Some things in the ISBE accountability model are dictated by federal law, such as the requirement to have increasing proficiency targets. Illinois chose to have the target of 90 percent for all student groups to be at proficiency level by 2032. Even if proficiency in Mathematics, English Language Arts, and Science are not weighted as heavily as graduation rates or growth, it will have ever-increasing performance expectations. This is similar to Adequate Yearly Progress (AYP) under the previous federal law, No Child Left Behind (NCLB). So, as conversations continue about shifting the weights of indicators under the accountability metrics, the more heavily proficiency is weighted, the more those increasing performance targets may impact a school’s designation.
For example, in 2019, the proficiency target for all English Learners is 24.90 in English Language Arts. But two short years from now, that proficiency target will rise to 34.92. For high schools, the increase goes from 14.29 percent proficient for English Learners in English Language Arts in 2019 to 31.76 percent proficient in 2022. If a school was designated in 2018 because their English Learners were not meeting proficiency, what is the likelihood of that school to increase performance so much in two years that their proficiency can keep up with the increasing targets? Again, it’s dictated in federal law to have long-term goals. Perhaps when we start to feel the impact of the AYP trajectory of proficiency, the 90 percent proficiency expectation for all student groups will be reconsidered.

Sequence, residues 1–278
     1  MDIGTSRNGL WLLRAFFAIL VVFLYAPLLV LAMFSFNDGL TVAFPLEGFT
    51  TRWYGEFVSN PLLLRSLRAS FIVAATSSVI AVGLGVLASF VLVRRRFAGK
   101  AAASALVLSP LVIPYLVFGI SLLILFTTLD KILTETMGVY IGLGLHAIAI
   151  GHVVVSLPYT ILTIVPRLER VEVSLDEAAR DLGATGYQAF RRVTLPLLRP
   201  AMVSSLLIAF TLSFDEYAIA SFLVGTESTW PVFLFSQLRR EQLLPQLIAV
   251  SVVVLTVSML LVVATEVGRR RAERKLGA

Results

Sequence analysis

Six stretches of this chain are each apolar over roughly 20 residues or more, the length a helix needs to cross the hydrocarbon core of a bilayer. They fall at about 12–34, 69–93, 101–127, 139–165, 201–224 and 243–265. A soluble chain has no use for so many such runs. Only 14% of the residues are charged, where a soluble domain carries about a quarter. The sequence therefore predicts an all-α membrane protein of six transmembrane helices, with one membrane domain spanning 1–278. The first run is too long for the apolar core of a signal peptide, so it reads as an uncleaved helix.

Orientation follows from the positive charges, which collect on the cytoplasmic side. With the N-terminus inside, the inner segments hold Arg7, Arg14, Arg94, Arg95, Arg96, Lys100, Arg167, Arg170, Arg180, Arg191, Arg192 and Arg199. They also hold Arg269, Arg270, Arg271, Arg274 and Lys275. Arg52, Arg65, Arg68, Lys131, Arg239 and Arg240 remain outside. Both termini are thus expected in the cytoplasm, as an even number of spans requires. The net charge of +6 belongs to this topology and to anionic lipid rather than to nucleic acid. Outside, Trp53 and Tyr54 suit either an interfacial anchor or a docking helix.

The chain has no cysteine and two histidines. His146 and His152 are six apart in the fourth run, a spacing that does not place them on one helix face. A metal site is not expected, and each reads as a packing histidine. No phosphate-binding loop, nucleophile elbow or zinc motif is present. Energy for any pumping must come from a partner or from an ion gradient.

Unlike AYP, the goal is not 100 percent, and proficiency is not the only metric that impacts a school’s designation. But those designations are another thing that is dictated by federal law. There will always be a bottom 5 percent of all schools. The sort and rank system of identifying and subsequently supporting schools is another artifact of NCLB. Alas, it does not seem that there is anything Illinois can do to avoid this requirement. However, ISBE has decided to change the names of designations (Lowest Performing to be called Comprehensive, and Underperforming would be called Targeted).
As ISBE’s accountability system continues to evolve, focus on what matters. Proficiency is the goal we seek. Growth is how we get there. Understand that designations, whatever they may be called, are only one small way to understand the true performance and quality of a school. The story of local school districts is more comprehensive than what state report cards capture. Districts and schools need to communicate all the many ways they support student success and the value the District provides its community. For more information, email us at email@example.com.